It’s no secret that datacenters – the digital heartbeats powering our interconnected world – are voracious consumers of energy resources. Their energy consumption and corresponding carbon emissions are pressing concerns to those within and outside the datacenter industry.
The importance of reducing carbon emissions as a crucial strategy to tackle climate change cannot be overstated. From the potential consequences of rising sea levels to the unpredictability of extreme weather events and disruptive impacts on ecosystems, the stakes are high. Pressure is mounting on industries worldwide to curtail their carbon footprints and contribute to global environmental efforts.
Understanding this, the datacenter industry is far from indifferent. Almost every datacenter provider now advocates for net-zero operations. Leaders are targeting a specific date to achieve this lofty ambition. Simultaneously, IT vendors tout their innovative solutions, purporting to aid their customers in shrinking their carbon footprint. But amidst these eco-conscious promises, a troubling void becomes evident – the lack of quantitative data.
Ironically, for an industry that thrives on data, the datacenter sector lacks comprehensive, credible data. There is a data deficit regarding power capacity, energy consumption, and carbon emissions resulting from a datacenter’s operations. We don’t have an accurate measure of the industry’s environmental impact. As a result, we don’t have a clear pathway to meeting stated net-zero goals.
Recognizing this, IDC created new research aiming to estimate the energy consumption and carbon emissions of the datacenter market. This endeavor promises to shed new light on the datacenter industry’s environmental footprint. IDC’s research offers a quantitative lens through which to assess and compare the impact of different datacenter types and geographies.
This dataset quantifies key parameters such as energy consumed, carbon emitted, and carbon avoided through the use of carbon-neutral energy sources. It also details power capacity, square footage, and expenditure by datacenter type, including Internet Giants, Colocation, Internal, Edge, and Telco datacenters.
Datacenter Carbon Emissions – A Key Business Issue
As digital transformation continues to redefine the operational landscape of organizations, another influential paradigm has become increasingly prominent – sustainability.
IDC estimates that worldwide digital transformation investments will reach $3.4 trillion in 2026, all of which drives demand for datacenter capacity.
“The demand for datacenter capacity is outpacing sustainability advancements”
As part of digital transformation efforts, organizations will invest in Generative AI technologies. These revolutionary technologies are particularly energy-hungry. Using them places an unprecedented demand on datacenter resources compared to traditional loads. For example, the energy consumption to train GPT-3 (a precursor to Chat GPT 3.5) is estimated to be 1.287 gigawatt hours. This does not include end user consumption while interacting with the model.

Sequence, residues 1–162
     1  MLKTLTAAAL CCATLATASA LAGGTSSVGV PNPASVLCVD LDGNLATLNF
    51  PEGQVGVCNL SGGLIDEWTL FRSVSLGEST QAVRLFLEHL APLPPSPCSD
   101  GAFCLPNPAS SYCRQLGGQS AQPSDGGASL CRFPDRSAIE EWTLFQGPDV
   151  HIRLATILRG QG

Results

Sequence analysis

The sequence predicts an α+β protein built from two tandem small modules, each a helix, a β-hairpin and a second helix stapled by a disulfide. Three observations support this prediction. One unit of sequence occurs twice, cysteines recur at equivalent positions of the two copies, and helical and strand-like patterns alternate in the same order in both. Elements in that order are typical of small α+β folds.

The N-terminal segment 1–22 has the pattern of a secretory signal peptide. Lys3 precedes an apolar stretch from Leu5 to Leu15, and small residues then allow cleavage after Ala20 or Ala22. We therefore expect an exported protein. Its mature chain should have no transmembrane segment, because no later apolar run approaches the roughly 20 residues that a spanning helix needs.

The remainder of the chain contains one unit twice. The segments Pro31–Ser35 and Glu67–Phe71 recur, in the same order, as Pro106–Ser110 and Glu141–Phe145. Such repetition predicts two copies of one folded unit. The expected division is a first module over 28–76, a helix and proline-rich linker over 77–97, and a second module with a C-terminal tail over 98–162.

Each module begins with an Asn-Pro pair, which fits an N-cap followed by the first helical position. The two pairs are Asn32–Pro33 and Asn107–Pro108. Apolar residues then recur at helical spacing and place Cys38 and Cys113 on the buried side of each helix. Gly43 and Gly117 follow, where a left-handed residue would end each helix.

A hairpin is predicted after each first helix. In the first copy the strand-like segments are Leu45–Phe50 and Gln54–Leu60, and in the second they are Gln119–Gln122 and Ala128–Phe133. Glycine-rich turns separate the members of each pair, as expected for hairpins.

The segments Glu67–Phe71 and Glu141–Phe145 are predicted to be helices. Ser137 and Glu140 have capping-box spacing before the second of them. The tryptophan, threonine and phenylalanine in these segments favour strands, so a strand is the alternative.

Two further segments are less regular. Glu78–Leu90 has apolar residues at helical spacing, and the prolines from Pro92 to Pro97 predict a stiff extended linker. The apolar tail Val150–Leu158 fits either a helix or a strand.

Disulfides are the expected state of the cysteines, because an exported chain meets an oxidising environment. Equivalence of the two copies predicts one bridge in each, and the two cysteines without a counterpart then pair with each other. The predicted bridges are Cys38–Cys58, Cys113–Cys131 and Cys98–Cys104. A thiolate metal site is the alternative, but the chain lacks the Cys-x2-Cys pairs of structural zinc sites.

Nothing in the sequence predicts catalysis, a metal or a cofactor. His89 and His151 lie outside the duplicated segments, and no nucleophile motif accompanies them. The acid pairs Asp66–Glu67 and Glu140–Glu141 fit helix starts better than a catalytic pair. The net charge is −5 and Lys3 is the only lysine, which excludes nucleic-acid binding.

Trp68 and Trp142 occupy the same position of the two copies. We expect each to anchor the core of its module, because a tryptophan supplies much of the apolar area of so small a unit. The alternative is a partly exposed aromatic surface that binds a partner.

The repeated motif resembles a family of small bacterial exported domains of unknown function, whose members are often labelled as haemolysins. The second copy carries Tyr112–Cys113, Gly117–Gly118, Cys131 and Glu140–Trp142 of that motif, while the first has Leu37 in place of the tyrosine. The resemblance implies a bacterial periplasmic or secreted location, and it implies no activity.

It is also clear that sustainability is no longer an optional add-on or a public relations talking point. ESG (Environmental, Social, and Governance) practices create business value by fostering long-term sustainability, mitigating risks, attracting socially conscious investors, enhancing brand reputation, and driving innovation.
These two seemingly opposing goals are creating the pre-eminent challenge for the datacenter industry. How can we meet the rapidly growing capacity demands while ensuring our operations are sustainable?
Progress toward Net-Zero Goals
In recent years, the datacenter industry has seen a remarkable increase in sustainability-oriented claims. In an effort to stay competitive almost all datacenter vendors are asserting their sustainability credentials. Cloud Service Providers (CSPs) and Colocation Providers are pledging to reach net-zero carbon emissions by specific target dates.
In addition, IT vendors boast about the enhanced energy efficiency of their latest chips and equipment compared to older models. While these claims are often valid and reflect a promising shift towards more sustainable practices, they can inadvertently give the impression that the datacenter industry is rapidly becoming more sustainable.
However, this might not be the full picture. Individual components are becoming more efficient and companies are setting emission reduction goals but the overall environmental impact of the industry may not necessarily be decreasing at the same pace. Especially considering its continuous and rapid expansion. Therefore, there’s a pressing need for reliable data.
Accurate figures on energy consumption and carbon emissions of the entire datacenter industry would provide a more objective assessment of its sustainability progress. This data will help identify gaps and develop strategies to mitigate the environmental impact effectively.
So, while we must applaud the efforts and strides taken so far, it’s equally important to validate them with robust, industry-wide data to ensure a truly sustainable future for the datacenter industry.
IDC estimates the global energy consumption of datacenters in 2022 at 382 Terawatt Hours (TWh). With a compound annual growth rate (CAGR) of 16.0%, leading to 803TWh by the year 2027.
For more insight and information on the trends in datacenter energy growth and sustainability, please see the IDC Datacenter Deployment Model.